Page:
Easton schools must cut 23 positions, raise tax
District administrators said tax hike would have to accompany staff reductions to balance next year's budget.
By JD Malone, Of The Morning Call 11:01 p.m. EDT, April 9, 2013
The Easton Area School District has a big hole in its 2013-14 budget and plans to fill it with a tax hike and staff reductions.  In a continuation of a months-long debate, district treasurer Michael Simonetta walked school board members through three possible budget proposals Tuesday night. The first calls for a 2.1 percent tax hike and 23 position cuts, including 12 teachers and an assistant superintendent. The second asks for a 1.7 percent tax hike with six additional staff cuts.
The third option skips a tax hike but cuts 13 staff on top of the second plan, for a total of 42, and deletes music programs and middle school sports.

Op-ed, Opt Out, Occupy
Yinzercation Blog April 9, 2013
The O’s had it this past week. First, Kathy Newman’s terrific op-ed piece on why she is not letting her son take the PSSAs went completely viral. Over 41,000 people shared the story on Facebook from the Post-Gazette’s site – and we know it spread much, much farther from there. Even more importantly, it generated a nationwide discussion of the consequences of high-stakes-testing with hundreds of people posting comments (the vast majority of which were extremely supportive).
The public response created its own wave of media attention as the story of our Opt Out action continued to race around the country. We wound up having a public dialogue with Gov. Corbett’s administration in the letters-to-the-editor section of the paper, as well as radio interviews and print articles ranging from the Washington Post to the San Francisco Chronicle.Here’s a run down of the media timeline:

Philly mom talks about ‘opting out’ of state standardized tests
by thenotebook on Apr 09 2013 Posted in Latest news
by Benjamin Herold for NewsWorks, a Notebook news partner
Last month, Jo-Ann Rogan started noticing a big change in her 9-year-old son, Ryan.
"As the PSSAs came closer, he was becoming extremely anxious and stressed," Rogan said. "They were sending home practice packets, and it was just getting worse and worse."
So Rogan joined the small but increasingly visible group of Pennsylvania parents who have decided to opt their children out of taking high-stakes state standardized tests.

Philly mom, others, 'opt out' kids from PSSAs
WILL BUNCH, Daily News Staff Writer bunchw@phillynews.com, 215-854-2957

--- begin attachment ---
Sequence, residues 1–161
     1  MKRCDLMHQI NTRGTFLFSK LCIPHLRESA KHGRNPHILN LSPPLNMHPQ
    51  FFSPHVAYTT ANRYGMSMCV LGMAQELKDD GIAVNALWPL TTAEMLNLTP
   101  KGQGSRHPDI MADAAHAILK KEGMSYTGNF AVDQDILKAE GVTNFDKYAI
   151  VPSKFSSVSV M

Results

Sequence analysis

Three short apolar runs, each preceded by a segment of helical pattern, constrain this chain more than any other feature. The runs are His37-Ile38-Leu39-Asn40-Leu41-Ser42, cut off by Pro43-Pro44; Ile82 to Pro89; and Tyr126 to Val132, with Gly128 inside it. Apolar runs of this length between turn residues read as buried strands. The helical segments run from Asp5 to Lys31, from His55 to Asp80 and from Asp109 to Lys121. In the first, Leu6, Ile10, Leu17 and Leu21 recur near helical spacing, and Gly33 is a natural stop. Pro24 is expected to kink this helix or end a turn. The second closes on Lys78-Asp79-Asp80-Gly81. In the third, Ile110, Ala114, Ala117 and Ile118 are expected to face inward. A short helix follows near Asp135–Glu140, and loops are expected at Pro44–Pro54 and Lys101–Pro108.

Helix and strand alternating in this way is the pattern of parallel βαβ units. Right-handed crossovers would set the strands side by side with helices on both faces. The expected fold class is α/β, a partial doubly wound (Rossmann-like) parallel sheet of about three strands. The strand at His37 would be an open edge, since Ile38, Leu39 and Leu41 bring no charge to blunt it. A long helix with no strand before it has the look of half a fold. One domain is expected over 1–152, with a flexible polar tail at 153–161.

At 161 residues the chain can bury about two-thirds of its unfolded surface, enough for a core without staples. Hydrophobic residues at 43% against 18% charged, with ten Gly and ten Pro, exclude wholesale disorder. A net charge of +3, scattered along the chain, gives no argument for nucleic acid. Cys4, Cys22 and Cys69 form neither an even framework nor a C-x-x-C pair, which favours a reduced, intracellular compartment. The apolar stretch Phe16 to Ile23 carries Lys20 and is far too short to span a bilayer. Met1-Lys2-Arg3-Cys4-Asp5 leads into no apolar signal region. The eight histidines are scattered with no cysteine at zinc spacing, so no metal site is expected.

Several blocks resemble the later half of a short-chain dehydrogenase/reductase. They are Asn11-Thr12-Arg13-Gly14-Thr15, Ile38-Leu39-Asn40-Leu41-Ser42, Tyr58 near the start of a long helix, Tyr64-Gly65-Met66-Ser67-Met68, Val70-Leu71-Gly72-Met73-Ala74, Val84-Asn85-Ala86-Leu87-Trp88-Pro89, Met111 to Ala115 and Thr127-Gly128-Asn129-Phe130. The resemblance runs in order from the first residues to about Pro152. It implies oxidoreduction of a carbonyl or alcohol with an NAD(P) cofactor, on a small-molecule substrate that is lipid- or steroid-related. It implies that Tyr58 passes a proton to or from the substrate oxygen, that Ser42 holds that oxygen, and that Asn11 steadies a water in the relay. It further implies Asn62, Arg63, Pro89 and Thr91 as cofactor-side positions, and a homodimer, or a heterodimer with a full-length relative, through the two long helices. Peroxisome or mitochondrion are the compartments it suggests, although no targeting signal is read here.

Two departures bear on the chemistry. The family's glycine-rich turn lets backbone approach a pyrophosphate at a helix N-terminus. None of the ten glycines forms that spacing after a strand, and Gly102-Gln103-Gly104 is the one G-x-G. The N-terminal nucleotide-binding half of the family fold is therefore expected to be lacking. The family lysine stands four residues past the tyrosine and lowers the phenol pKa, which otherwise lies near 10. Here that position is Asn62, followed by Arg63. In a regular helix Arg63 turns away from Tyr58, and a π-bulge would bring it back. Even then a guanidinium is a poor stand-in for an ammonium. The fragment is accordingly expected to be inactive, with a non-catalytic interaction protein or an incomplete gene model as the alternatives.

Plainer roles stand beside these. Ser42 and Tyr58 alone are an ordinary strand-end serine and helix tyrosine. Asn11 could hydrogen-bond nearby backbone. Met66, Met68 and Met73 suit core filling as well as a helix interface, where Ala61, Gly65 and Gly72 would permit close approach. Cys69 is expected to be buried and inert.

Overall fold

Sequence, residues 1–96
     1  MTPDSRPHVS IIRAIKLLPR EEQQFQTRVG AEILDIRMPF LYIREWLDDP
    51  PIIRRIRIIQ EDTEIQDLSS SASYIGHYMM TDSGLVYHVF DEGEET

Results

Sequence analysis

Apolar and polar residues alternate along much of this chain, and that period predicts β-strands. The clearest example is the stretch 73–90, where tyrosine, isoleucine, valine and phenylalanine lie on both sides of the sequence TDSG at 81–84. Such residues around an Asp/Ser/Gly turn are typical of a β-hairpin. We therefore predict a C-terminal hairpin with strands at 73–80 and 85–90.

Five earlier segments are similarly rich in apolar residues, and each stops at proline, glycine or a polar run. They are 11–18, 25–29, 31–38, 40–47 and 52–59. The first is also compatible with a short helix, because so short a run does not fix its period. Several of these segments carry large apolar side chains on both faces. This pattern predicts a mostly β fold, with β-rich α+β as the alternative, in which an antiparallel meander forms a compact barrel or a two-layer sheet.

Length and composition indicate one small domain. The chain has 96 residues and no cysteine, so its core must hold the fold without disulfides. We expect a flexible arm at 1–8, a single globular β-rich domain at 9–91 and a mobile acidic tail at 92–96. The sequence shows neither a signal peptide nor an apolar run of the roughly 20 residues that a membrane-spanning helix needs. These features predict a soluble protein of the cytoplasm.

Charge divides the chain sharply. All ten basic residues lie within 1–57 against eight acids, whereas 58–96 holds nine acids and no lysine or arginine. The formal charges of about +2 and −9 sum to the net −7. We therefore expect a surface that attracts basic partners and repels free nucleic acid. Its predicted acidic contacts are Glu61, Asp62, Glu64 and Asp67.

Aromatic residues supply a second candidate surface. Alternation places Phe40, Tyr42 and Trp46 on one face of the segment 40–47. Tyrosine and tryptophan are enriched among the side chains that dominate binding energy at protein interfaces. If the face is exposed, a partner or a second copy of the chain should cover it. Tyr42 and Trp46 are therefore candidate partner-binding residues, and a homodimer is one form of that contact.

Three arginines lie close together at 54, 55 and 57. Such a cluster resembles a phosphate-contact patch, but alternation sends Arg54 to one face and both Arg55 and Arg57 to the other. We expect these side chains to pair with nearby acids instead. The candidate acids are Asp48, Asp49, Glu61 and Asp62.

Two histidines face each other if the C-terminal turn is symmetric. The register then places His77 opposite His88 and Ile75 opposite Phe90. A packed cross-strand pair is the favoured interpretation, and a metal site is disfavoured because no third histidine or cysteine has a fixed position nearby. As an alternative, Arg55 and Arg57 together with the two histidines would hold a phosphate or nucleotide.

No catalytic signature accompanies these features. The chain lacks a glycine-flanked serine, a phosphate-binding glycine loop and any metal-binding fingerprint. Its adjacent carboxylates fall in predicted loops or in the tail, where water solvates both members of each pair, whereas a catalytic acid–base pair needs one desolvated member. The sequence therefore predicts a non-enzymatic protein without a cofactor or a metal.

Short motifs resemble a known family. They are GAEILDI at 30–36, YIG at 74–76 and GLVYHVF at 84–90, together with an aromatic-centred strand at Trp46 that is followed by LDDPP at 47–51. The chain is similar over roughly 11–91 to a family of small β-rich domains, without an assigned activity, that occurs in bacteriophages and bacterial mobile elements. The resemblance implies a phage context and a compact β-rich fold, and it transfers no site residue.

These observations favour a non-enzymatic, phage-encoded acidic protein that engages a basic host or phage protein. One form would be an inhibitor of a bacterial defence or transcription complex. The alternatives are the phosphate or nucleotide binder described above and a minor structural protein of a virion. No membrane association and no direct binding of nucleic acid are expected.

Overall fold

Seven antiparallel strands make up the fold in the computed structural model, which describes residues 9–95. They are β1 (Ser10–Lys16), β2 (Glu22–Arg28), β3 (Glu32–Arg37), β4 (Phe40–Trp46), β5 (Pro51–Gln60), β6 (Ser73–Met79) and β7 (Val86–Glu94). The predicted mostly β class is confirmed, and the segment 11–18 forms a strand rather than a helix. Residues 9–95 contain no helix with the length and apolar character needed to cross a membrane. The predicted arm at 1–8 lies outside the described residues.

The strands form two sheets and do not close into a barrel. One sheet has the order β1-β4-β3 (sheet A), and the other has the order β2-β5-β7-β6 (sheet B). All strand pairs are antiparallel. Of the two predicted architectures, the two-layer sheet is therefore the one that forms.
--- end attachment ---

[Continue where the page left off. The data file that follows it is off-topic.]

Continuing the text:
POSTED: Wednesday, April 10, 2013, 3:01 AM
STUDENTS at Greenfield Elementary in Center City joined thousands of kids across Pennsylvania on Tuesday morning as they sharpened their pencils for six days of PSSAs - the grueling, high-stakes standardized tests that Pennsylvania educators use to evaluate schools and their teachers.  At that moment, parent Tomika Anglin was at the front office pulling her daughter Simone and a fifth-grade classmate out of school for the two hours that the PSSAs took place. Instead of proving their math and reading skills, the two children visited the nearby Free Library and toured the Ben Franklin Parkway. "We took some pictures, and we talked about the elements of the arts," Anglin said.  They also joined what a small but growing number of parents and education activists are calling "an act of civil disobedience."

“The NSBA is focusing on increasing the impact of its advocacy work, while NASBE hopes to find a leader who is more connected to state school boards to succeed one whose expertise was at the federal level.”
Leadership Shifts at Top of Education Associations
Education groups rethinking strategy to stay relevant
Education Week By Jaclyn Zubrzycki April 2, 2013
As groups representing local and state education players struggle to remain relevant in a policy conversation often dominated by foundations, think tanks, new advocacy groups, and political and business figures, a shift in leadership has been under way at major associations.
Most of the changes have come as part of the natural churn; former directors retire or move on. But at the National School Boards Association and the National Association of State Boards of Education, the shifts have come hand in hand with changes in organizational goals.

New Guidelines Call for Broad Changes in Science Education
New York Times By JUSTIN GILLIS Published: April 9, 2013 257 Comments
Educators unveiled new guidelines on Tuesday that call for sweeping changes in the way science is taught in the United States — including, for the first time, a recommendation that climate change be taught as early as middle school.  The guidelines also take a firm stand that children must learn about evolution, the central organizing idea in the biological sciences for more than a century, but one that still provokes a backlash among some religious conservatives.
The guidelines, known as the Next Generation Science Standards, are the first broad national recommendations for science instruction since 1996. They were developed by a consortium of 26 state governments and several groups representing scientists and teachers.

National Review discussion of the Common Core continues…….
Common Core: Response to Joy Pullman
National Review Online The Corner Blog By Sol Stern April 8, 2013 5:27 P.M.